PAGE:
Divorcing couples have plenty of important issues to resolve, including child support, custody issues, and division of property and perhaps a jointly owned home. Settling who owes what on a car loan and what to do with the car might not seem like a big deal, given the other items on the list, but it can have enduring consequences. This article answers some frequently asked questions about handling a car loan when you divorce in Massachusetts
What options do we have for handling our car loan?
The best course of action is to try to sell the vehicle. If possible, make sure that the vehicle is sold before the divorce is finalized. If you just have an agreement to sell but haven’t gone through with it yet, you are still responsible for the payments and your credit is in jeopardy. If the vehicle still has payments due, then it is better to sell the car at a loss than risk ruining your credit. Unfortunately, selling the vehicle is not always a feasible option in a divorce case, especially if you have kids or either of you depends on the car to get to work.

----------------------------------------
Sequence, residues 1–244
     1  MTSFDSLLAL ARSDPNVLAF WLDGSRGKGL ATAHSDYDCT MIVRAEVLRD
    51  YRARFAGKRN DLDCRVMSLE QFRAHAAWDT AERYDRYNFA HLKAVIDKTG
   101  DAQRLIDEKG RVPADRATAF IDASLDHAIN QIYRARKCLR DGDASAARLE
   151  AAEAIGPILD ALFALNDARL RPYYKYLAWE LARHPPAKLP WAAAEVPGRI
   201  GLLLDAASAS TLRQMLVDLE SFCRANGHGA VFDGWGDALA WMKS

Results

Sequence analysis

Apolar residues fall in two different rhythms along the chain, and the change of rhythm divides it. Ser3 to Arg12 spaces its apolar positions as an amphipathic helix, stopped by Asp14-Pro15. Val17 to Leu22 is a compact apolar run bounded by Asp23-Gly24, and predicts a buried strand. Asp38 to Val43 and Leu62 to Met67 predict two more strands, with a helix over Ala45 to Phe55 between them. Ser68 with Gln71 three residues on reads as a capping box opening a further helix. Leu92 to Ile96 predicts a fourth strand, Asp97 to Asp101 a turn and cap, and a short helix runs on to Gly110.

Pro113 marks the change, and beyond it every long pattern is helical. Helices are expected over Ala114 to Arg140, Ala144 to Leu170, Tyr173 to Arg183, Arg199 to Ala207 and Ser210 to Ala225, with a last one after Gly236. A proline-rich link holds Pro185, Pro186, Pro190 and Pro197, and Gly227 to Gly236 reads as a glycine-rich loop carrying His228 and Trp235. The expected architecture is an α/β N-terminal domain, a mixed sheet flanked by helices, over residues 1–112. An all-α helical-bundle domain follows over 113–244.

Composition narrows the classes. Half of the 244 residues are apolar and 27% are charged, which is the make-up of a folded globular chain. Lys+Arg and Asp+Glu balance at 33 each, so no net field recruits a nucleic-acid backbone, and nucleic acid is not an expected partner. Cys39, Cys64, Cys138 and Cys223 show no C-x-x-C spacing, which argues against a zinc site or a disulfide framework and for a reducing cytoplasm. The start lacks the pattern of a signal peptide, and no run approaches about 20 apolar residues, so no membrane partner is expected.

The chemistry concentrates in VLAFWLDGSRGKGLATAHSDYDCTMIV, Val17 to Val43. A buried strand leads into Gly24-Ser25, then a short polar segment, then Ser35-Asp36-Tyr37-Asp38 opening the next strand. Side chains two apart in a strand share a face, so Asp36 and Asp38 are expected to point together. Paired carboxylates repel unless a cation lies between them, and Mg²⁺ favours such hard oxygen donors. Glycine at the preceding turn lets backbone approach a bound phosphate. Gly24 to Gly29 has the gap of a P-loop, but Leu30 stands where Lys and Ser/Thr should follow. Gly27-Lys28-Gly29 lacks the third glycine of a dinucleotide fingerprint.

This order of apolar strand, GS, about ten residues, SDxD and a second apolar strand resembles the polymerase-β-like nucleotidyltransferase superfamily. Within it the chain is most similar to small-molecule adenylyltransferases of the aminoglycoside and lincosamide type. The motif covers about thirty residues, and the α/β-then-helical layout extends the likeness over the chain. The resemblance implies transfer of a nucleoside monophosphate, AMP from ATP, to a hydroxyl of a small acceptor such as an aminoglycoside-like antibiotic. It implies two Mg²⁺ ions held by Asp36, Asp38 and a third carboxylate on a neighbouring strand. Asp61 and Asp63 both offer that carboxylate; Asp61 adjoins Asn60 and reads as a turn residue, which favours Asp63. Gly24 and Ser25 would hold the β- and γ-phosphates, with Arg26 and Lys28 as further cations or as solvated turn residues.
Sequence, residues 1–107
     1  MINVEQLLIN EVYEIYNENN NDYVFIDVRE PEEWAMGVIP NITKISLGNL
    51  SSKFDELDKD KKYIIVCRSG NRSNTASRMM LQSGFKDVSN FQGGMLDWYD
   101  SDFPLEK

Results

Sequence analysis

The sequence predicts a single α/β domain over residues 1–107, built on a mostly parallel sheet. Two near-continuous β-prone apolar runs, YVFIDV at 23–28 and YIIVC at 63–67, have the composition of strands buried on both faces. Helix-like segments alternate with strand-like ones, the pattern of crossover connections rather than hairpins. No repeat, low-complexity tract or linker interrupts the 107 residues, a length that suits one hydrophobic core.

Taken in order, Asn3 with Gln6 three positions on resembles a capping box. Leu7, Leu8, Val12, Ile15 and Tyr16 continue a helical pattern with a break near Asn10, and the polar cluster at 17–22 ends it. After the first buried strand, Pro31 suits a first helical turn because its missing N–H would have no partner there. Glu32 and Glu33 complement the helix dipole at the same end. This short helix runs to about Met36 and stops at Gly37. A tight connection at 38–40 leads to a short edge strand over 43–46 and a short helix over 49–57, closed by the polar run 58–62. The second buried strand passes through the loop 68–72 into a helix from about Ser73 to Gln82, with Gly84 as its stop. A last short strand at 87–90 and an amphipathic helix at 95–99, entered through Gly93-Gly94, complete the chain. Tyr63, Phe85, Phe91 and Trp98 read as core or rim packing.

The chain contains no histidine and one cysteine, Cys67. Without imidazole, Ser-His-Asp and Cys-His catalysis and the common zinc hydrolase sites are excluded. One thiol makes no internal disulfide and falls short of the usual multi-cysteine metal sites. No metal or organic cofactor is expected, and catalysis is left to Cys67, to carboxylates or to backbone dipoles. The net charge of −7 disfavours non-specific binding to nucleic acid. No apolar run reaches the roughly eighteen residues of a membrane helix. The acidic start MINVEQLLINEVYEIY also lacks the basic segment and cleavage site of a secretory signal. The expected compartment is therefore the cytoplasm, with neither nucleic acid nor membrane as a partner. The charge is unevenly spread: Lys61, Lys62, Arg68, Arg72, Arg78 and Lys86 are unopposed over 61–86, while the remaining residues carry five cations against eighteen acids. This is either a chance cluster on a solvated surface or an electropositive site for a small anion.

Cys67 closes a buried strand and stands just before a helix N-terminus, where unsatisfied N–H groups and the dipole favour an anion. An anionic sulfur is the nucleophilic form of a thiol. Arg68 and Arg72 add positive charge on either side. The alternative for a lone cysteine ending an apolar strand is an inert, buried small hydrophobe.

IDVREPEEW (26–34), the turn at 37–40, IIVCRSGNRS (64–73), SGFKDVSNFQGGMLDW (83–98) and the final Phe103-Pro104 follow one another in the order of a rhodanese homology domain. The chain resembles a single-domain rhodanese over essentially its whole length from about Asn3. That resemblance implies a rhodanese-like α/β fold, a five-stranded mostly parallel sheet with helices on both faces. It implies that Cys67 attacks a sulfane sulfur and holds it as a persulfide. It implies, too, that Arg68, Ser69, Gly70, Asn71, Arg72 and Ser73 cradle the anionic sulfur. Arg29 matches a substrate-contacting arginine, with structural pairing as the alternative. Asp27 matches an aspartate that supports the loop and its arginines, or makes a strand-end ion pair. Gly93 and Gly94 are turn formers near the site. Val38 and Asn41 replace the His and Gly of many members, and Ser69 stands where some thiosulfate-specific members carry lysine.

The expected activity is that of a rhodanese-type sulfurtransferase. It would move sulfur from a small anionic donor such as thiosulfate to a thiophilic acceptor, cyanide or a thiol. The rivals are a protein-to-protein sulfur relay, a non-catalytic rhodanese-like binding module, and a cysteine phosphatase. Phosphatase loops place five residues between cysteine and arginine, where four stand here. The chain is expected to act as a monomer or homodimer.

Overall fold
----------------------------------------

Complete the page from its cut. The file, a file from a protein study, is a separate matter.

The second best option is to have one spouse refinance the car in his or her own name. If one spouse will keep the car after the divorce, then you should insist that your soon-to-be-ex obtain new financing in his or her own name before the divorce. If he or she is not able to qualify for separate financing, maybe a relative can co-sign the loan.
Don’t just take your name off the title, as this will remove only your ownership rights, not your responsibility for the loan. Put a time limit on how long your ex-spouse can have possession of the car before it has to be sold or refinanced. Also, notify the car finance company of your change of address and have all statements sent to both addresses. At the very least, inform them that you wish to be notified if any payments are missed. In this way, if your former spouse is late on payments, you will be notified and have the chance to make up the payments.
If refinancing is not an option, then the most practical solution is often to use a setoff arrangement against support or alimony to insure that the car loan is paid off. This can also protect your credit rating. If a divorced husband has to pay alimony and or child support, for example, he can try to work out an arrangement in which he pays the car loan directly, subtracting that amount from his support payments.
Should you be in the midst of a divorce proceeding or contemplating divorce, contact the Law Offices of Renee Lazar either by email or telephone 978-844-4095 to schedule a free one hour consultation to discuss your particular needs.